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The decade in sport

The decade in sport
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First Published: Mon, Jan 31 2011. 10 45 PM IST

Centrepiece: A view of the Jawaharlal Nehru Stadium during the closing ceremony of the 2010 Commonwealth Games in New Delhi.
Centrepiece: A view of the Jawaharlal Nehru Stadium during the closing ceremony of the 2010 Commonwealth Games in New Delhi.
Updated: Mon, Jan 31 2011. 10 45 PM IST
In the last few months of this decade, India had its moment of athletic epiphany. It saw women with grips that melted bone as they wrestled, and men whose fights featured muscle memory of both weaver and warrior. There were eagle-eyed archers and runners of invisible muscle and unconcealed will. One boy used child-sized hands to push off pommel horse and floor to show us how to fly without wings.
Centrepiece: A view of the Jawaharlal Nehru Stadium during the closing ceremony of the 2010 Commonwealth Games in New Delhi.
Another produced a 24-second exhibition of sea creatures, ranging from serene dolphin to noisy speedboat. A shuttling girl proved that great walls could be built outside China, and four more showed how a team could be tied together by the wind. There were mothers who boxed and fathers who meditated. And they were all ours.
At the end of a breakthrough decade, the Commonwealth Games (CWG) and the Asian Games became Indian sport’s set pieces shown to its widest audience. The country’s athletic community didn’t miss a step. Over 100 medals at the CWG and India’s best-ever Asiad. If there has to be a lingering memory, let it be the sight of Indians walking out on opening night, a community of the confident. Beijing gold medallist shooter Abhinav Bindra, who carried the flag in Delhi and usually competes in silent halls, says it was the loudest ovation he believed Indian athletes had received from, “our own people. We knew they were rooting for us”.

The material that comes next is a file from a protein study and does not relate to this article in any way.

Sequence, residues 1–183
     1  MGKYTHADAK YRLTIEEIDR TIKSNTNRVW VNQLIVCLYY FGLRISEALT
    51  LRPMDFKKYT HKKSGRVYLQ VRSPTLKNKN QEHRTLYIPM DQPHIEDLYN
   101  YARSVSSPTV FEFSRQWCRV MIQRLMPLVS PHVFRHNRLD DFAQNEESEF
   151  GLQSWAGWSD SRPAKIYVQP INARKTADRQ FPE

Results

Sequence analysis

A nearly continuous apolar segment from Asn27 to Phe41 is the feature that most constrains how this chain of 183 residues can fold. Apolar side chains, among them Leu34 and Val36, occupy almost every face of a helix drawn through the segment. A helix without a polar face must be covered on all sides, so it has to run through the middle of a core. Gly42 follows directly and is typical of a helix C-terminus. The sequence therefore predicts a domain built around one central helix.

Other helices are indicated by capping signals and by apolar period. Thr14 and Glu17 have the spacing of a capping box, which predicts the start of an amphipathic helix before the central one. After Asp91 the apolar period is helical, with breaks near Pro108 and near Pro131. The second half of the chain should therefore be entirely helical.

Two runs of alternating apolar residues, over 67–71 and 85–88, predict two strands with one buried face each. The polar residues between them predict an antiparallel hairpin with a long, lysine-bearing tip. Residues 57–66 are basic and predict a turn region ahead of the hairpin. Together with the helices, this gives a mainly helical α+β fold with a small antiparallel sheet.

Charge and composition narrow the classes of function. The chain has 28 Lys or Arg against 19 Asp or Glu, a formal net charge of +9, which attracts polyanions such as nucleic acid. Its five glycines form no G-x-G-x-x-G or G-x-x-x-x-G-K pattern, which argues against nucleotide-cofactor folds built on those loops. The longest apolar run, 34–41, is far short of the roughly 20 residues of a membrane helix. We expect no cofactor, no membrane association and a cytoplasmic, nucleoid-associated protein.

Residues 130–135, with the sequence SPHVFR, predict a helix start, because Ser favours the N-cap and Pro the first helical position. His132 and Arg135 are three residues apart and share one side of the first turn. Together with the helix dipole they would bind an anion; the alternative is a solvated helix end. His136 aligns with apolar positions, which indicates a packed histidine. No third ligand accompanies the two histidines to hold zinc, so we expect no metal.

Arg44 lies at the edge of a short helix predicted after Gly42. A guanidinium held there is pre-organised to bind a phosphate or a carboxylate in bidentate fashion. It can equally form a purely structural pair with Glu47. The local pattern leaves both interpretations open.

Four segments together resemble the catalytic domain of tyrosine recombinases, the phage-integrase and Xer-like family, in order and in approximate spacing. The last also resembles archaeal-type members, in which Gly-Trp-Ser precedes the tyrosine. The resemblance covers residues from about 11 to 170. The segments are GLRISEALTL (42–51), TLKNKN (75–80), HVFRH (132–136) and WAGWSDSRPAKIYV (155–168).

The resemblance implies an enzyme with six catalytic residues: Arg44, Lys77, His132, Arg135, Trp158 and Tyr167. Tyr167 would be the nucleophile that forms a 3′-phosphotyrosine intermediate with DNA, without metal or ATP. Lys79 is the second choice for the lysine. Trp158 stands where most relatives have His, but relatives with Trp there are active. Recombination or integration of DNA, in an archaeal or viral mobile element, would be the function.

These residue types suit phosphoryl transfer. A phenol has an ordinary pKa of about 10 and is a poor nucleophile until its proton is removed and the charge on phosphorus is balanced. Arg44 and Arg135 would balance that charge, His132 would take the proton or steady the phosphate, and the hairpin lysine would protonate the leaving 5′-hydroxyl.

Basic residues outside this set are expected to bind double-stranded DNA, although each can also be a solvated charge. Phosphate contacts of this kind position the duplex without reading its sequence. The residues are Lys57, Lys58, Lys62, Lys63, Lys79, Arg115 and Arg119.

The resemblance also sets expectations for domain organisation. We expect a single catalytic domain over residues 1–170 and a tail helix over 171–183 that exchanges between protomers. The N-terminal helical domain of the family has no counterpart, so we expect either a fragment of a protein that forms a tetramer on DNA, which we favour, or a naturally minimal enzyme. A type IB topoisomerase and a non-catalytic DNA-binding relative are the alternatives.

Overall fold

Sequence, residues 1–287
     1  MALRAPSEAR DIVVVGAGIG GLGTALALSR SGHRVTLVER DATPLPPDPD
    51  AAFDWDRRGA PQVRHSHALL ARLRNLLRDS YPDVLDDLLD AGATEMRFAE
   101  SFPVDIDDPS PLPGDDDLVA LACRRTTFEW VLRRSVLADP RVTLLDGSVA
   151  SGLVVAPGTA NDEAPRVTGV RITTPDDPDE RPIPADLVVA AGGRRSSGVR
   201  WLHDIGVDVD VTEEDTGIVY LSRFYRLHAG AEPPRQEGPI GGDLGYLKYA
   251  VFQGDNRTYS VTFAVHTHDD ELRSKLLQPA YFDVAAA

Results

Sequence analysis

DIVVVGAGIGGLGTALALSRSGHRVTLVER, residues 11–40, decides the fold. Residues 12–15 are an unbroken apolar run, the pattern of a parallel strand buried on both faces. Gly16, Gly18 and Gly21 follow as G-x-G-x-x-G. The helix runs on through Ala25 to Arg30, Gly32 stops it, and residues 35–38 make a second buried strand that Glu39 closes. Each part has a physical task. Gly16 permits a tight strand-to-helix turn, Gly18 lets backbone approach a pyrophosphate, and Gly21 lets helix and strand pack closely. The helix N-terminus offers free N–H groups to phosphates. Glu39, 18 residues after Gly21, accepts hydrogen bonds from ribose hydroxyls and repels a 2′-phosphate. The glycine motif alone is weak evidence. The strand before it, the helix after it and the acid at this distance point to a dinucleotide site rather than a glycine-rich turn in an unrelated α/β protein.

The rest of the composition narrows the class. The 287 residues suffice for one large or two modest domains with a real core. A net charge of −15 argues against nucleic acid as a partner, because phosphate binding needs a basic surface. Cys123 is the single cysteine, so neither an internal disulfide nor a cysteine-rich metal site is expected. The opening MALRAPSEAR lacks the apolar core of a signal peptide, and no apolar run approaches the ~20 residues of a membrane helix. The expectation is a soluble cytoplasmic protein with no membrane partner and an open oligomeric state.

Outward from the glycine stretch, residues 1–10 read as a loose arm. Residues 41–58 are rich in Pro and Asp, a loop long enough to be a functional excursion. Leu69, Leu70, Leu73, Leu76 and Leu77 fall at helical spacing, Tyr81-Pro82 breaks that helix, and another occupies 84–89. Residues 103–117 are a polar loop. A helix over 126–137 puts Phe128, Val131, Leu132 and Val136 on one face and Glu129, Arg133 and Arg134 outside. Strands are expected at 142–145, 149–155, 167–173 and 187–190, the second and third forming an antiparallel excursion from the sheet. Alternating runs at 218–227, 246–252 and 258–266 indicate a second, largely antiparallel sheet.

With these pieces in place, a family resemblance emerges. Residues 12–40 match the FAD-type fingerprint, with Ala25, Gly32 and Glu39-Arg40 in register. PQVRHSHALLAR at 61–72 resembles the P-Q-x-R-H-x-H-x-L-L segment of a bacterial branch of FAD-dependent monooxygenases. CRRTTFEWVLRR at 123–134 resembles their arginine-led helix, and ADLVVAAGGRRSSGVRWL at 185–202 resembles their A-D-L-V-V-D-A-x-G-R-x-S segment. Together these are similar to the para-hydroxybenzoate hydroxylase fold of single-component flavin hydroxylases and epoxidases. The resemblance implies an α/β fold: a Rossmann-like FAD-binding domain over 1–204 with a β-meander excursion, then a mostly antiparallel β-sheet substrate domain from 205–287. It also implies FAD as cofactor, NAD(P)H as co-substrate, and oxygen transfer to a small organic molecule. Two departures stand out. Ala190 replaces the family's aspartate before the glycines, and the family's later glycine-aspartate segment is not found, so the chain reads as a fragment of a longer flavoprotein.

They had to, after this decade in which our athletes have shattered glass over and over again. Glass that was actually a ceiling, glass that restricted access, created boundaries, sealed borders. Our athletes swung the hammer of their intent at all of it, around them.
Some did so quietly, some loudly, some with their fists pumped, others with looks of cold titanium. They did so across sport, in those we thought we couldn’t play, did so in those in places Indians usually never went. We may have been dazzled by a string of brightly-lit achievements, headlines and medals today, but before all this happened, the decade was about the gritted teeth and unseen sweat of Indian sport’s history makers.
Arjun Atwal’s victory on the PGA Tour was preceded by the lonely journey of Jeev Milkha Singh, the first Indian to set out on the European Tour in 1998. It is only appropriate that the man in Saina Nehwal’s corner today is Pullela Gopichand, who, in 2001, won India an All-England badminton title after a gap of 21 years. Early in the decade, long jumper Anju Bobby George became the first Indian to win a world athletics championship medal in 2003, and Sania Mirza the first Indian woman tennis player in the world’s top 30. Squash player Ritwik Bhattacharya didn’t treat his sport as an admission ticket into an American university, hit the pro tour in 1999, won titles and a career-high ranking of 38. This was the decade Narain Karthikeyan found his way into the most expensive and exclusive clubs in international sport, the Formula 1 grid. The decade that began with boxer Gurcharan Singh weeping on his knees after losing his Olympic quarterfinal match in Sydney on countback, ended with Vijender Singh’s Beijing bronze and Guangzhou gold.
Sydney 2000 was Bindra’s first Olympics, when the general mood in the Indian contingent was “defensive, closed”, clouded by what looked like an “inferiority complex”. It was, he said, “as if we were almost embarrassed by our skill levels versus the best in the world”. Michael Ferreira, a four-time world billiards champion, speaks of setting off to the West in the 1970s. “One almost had to apologize for being Indian.”